global economy

‘Pleasant surprise’: Lithuanian economy outperforms

Agence France-Presse, Agence France-Presse
‘Pleasant surprise’: Lithuanian economy outperforms

People sit outside a cafe in Vilnius, Lithuania, on May 5, 2020, amidst the new coronavirus COVID-19 pandemic. - The Lithuanian government extended the nationwide coronavirus lockdown until May 11, but gave the green light for museums, libraries, outdoor cafes, hairdressers and beauty salons, and retail stores in shopping malls to reopen. (Photo by PETRAS MALUKAS / AFP)

Lithuania's gross domestic product shrinks 5.1% in the 2nd quarter of 2020, beating forecasts of a double-digit decline

Lithuania’s economy has emerged better than expected from the coronavirus outbreak, official data showed on Thursday, July 30, putting it on track to outperform most of its eurozone peers.

A seasonally adjusted estimate from the national statistics agency showed gross domestic product (GDP) shrank 5.1% in the 2nd quarter compared with the previous 3 months.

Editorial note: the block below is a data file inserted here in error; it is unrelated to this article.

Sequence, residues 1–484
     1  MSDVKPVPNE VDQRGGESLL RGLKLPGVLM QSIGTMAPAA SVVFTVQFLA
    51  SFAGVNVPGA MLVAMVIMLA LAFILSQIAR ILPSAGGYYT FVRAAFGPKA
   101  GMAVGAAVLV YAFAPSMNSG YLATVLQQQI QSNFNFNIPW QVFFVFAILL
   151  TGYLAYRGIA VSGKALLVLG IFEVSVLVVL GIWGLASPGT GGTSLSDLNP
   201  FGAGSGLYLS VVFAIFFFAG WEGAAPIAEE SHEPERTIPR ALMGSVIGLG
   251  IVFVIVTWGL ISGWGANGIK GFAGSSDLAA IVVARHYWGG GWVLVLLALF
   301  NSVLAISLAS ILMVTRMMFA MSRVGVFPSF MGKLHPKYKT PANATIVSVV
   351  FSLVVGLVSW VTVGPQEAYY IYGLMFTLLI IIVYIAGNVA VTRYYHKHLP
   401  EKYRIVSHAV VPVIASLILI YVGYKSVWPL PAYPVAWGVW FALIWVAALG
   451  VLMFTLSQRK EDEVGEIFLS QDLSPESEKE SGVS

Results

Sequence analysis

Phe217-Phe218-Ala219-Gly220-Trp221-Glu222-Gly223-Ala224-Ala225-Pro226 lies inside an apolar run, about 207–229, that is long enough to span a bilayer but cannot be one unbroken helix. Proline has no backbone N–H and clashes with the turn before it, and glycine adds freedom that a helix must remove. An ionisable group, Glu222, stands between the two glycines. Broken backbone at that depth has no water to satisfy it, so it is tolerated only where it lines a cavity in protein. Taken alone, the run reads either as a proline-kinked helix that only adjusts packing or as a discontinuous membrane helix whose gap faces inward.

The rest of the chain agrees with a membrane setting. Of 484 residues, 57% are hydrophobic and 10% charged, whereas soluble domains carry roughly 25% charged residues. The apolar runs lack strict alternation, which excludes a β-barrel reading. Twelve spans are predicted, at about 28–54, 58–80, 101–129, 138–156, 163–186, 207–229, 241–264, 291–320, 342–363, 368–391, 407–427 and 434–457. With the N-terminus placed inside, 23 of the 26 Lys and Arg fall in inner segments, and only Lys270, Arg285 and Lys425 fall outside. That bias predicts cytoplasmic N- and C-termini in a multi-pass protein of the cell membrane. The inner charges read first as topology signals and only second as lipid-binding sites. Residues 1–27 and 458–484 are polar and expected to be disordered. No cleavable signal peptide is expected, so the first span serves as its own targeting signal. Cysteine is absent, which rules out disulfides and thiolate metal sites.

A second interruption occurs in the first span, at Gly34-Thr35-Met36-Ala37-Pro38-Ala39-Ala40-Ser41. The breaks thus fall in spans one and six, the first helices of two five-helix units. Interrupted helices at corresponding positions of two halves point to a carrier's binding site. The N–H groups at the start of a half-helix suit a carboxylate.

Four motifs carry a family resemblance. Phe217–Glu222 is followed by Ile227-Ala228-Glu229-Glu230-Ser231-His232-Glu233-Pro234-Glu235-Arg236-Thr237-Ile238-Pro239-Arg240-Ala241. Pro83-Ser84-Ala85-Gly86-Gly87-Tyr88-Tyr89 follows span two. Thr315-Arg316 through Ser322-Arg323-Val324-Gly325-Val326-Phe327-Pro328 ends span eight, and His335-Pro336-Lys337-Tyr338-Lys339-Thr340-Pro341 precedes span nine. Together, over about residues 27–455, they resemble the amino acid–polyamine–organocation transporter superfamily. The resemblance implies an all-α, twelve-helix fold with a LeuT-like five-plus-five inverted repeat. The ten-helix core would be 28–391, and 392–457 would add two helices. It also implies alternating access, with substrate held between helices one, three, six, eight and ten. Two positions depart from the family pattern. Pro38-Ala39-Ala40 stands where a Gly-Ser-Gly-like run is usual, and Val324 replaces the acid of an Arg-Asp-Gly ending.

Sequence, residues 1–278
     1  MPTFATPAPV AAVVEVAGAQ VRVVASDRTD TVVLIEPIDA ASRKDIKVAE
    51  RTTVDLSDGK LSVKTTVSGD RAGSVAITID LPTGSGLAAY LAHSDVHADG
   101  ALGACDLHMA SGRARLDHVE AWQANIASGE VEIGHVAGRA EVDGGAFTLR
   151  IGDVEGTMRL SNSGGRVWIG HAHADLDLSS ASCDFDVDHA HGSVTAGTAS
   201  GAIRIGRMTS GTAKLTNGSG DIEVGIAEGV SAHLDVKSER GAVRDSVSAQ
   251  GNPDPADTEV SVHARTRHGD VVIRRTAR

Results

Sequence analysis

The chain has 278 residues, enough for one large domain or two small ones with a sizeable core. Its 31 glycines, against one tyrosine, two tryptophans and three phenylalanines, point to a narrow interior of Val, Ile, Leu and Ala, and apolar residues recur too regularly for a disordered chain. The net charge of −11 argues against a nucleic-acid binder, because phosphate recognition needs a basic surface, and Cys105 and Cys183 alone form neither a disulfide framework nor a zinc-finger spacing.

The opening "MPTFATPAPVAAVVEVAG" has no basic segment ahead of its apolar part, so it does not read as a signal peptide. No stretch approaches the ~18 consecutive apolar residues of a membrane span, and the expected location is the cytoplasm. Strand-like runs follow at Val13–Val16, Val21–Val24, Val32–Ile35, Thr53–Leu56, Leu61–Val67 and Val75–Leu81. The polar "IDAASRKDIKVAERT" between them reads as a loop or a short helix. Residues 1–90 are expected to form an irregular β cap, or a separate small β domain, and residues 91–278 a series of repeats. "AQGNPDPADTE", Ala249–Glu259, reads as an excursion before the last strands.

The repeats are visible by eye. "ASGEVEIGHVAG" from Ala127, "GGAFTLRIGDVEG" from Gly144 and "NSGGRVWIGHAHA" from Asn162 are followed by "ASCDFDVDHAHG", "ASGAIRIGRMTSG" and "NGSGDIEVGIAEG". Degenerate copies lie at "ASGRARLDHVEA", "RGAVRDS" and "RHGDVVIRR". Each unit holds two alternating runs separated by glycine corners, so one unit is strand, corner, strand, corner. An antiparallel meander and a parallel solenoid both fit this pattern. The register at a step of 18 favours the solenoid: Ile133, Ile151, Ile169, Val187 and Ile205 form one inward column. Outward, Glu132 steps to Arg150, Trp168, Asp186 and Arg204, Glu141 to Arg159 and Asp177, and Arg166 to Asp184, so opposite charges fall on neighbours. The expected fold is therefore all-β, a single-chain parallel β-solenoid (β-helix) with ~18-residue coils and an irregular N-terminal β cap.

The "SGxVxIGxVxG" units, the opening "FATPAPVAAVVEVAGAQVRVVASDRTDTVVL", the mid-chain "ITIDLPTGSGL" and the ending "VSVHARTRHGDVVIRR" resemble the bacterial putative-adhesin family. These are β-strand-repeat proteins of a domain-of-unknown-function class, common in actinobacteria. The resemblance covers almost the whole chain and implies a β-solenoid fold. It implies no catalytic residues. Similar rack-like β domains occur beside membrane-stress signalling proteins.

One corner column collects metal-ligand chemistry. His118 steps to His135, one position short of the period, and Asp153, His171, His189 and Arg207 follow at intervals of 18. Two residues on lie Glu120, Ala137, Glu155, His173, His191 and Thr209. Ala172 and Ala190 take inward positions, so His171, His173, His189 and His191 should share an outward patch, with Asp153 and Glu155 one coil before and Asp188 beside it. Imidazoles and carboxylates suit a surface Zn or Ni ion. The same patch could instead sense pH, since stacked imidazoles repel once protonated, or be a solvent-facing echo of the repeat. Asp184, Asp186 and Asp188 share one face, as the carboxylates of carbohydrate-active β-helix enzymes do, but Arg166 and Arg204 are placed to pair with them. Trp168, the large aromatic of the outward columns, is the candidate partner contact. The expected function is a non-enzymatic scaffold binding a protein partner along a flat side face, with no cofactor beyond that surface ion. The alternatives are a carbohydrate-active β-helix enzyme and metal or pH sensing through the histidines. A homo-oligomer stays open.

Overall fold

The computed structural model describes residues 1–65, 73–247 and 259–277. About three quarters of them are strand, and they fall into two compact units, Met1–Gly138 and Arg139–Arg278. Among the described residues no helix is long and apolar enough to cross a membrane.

The figures beat forecasts and stood in sharp contrast with European Union heavyweight Germany where the economy shrank by 10.1% quarter-on-quarter from April to June.

“The number is a pleasant surprise,” central bank chief Vitas Vasiliauskas told reporters. 

The central bank and the finance minister had previously warned of a double-digit decline.

Zygimantas Mauricas, chief economist at Luminor bank in Vilnius, said success in containing the coronavirus outbreak and a relatively small dependence on tourism were among the factors that helped the Baltic nation.

“Lithuania will be among those who suffer least from the coronavirus in the EU. I do not rule out a positive full-year result,” he told Agence France-Presse.

Nerijus Maciulis, chief economist at Swedbank in Lithuania, said improving consumer and business sentiment indicate that a rapid recovery would continue.

He said a full-year contraction is still likely but that decline may be the smallest among all EU member states.  

By Thursday, Lithuania, a 2015 eurozone entrant of 2.8 million people, had reported 2,062 coronavirus cases and 80 deaths. –